This is getting repetitive. Every time we review a wireless broadband dongle we begin by pointing out the fact that this new modem is actually exactly the same as the last modem we reviewed from one of the competing carriers. It was the same with the last generation of "soap-on-a-rope" styled broadband dongles, and guess what? It's the same story here now: this new Optus USB modem is exactly the same as the modem currently offered by Vodafone and 3 Mobile bundles with their wireless broadband plans.
Aside from the advantage of a slimmer, more attractive design, one of the major differences over the previous generation USB modems is the inclusion of a microSD card reader on the side. So obviously, you will need to buy a microSD card to make use of this feature, but on the upside you won't be restricted to a static capacity, instead you will be able to "hot-swap" these cards.
The Optus wireless modem also comes bundled with a USB extension cable. In a way, using the extension cable defeats the purpose of buying this modem over the previous generation as the new slim design removes the need for a short-wired connection. However, during our review it became obvious that people who intend to move their PC frequently, for example those who schlep their laptops around the house, may want to use the laptop to save the USB connection snapping off after being accidentally bumped.
If all the available wireless broadband modems are the same then it is surely the network performance that separates them. The trouble is that this is such a contentious feature to test, as there are dozens of variables that could negatively impact performance.
In an effort to be as thorough as time would permit, we took the Optus USB modem on a short road trip around a selection of Sydney suburbs. Beginning in the CBD we drove into the Inner West and then out to the beach at Bondi, stopping roadside to perform speed tests. We then headed north, across the Harbour Bridge to Naremburn where we had heard reports of poor Optus network reception using last generation's USB broadband modem.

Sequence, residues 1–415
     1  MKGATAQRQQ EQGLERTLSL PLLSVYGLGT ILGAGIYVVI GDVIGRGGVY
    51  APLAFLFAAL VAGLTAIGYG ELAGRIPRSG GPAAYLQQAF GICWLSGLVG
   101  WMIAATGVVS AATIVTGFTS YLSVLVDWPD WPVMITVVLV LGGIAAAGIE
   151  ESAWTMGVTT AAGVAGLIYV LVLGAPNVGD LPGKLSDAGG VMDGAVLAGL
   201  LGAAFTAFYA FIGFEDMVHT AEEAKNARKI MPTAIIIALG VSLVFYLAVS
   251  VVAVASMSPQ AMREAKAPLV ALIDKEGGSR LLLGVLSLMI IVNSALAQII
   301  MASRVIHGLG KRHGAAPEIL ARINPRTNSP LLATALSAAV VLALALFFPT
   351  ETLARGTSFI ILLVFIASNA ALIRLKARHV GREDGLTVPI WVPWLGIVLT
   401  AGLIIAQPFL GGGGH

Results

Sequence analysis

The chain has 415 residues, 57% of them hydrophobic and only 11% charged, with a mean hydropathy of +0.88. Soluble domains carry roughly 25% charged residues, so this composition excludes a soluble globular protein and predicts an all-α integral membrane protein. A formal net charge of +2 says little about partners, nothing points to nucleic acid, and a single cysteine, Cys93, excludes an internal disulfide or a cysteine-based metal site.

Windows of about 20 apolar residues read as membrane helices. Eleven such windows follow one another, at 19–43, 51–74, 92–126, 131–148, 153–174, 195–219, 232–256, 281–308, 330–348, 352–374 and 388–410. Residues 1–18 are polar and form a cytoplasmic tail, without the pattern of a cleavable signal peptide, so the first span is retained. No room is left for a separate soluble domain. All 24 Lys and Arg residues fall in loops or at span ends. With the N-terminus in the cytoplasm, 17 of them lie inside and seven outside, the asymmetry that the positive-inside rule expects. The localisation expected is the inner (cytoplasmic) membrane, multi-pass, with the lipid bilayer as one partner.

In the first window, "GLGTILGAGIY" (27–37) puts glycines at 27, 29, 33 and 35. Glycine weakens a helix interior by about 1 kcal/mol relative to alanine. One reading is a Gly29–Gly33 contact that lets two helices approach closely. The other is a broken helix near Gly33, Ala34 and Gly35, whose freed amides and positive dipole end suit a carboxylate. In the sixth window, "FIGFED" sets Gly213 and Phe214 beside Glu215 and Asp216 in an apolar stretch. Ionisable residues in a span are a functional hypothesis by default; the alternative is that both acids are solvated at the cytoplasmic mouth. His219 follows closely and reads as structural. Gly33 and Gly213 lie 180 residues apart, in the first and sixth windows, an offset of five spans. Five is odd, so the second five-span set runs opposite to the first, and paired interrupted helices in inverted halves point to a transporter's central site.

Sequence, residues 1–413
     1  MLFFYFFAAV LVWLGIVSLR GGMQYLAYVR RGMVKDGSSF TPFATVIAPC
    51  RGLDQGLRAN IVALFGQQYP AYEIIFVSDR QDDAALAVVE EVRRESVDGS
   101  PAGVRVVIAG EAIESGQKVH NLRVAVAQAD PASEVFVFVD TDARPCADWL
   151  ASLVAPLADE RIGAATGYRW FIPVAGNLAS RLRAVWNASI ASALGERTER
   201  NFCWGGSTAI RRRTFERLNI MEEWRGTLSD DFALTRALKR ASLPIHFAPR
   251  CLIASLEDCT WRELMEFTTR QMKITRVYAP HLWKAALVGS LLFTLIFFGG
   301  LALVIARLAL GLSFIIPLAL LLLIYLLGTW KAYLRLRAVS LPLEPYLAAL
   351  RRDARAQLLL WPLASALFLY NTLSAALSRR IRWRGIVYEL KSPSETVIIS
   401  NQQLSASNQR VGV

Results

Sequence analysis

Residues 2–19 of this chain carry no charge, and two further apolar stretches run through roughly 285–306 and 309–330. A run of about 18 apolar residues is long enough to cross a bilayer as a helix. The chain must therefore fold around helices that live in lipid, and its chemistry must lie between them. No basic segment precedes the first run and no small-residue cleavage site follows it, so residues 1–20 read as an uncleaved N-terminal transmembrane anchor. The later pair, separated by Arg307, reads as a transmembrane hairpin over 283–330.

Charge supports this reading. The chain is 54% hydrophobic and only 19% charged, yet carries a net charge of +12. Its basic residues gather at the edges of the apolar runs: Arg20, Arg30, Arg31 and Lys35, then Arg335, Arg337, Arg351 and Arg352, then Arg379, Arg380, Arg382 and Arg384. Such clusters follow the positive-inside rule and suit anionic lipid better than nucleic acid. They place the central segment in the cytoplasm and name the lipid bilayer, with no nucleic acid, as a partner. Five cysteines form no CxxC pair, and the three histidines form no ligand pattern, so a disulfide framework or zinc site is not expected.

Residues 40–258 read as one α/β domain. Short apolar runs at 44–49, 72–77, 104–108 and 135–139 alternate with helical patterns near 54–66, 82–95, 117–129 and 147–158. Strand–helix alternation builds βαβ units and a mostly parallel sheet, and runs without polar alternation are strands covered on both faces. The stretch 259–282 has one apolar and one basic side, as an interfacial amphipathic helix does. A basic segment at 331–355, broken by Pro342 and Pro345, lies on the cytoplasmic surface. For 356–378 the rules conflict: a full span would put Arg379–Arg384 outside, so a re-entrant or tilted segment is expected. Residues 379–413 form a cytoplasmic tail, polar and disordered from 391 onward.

All in all the modem performed well, but not exceptionally. We saw wide fluctuations in the results of each test, the slowest result being 100Kbps in Naremburn and the fastest being 2Mbps in the city. However, we also saw speeds spike to 1.6Mbps in Naremburn within a 10-minute period of testing in the area, showing us the inconsistency that Optus customers experience.
The user interface is simple to navigate and displays all the important information like strength of the network signal and the amount of data transferred. Users can also send SMS messages from this window and view contacts stored on the SIM card.
Installation of the Optus software is as easy as can be, with the necessary drivers and programs automatically installing from the USB thumb-drive. We did encounter a small problem on one system that had McAfee antivirus software installed, which didn't automatically give internet traffic permission to the Optus software and blocked inbound traffic at the firewall. This is an easy problem to fix, we simply opened the McAfee software and added the Optus executable file to the current list of software with permission, but it may be something to watch for if you don't immediately connect to the Web.
We also encountered a few hiccups with our connection during the tests and received messages informing us that we had run out of credit when we knew we had nearly 2GB of data remaining. The short-term fix was to reset the software and to remove and re-insert the modem into the USB port, but hopefully Optus smooths out the bugs at the back-end before this sort of issue affects too many people.
Before making a purchasing decision check out the Optus 3G coverage maps to make sure your area receives a strong 3G signal.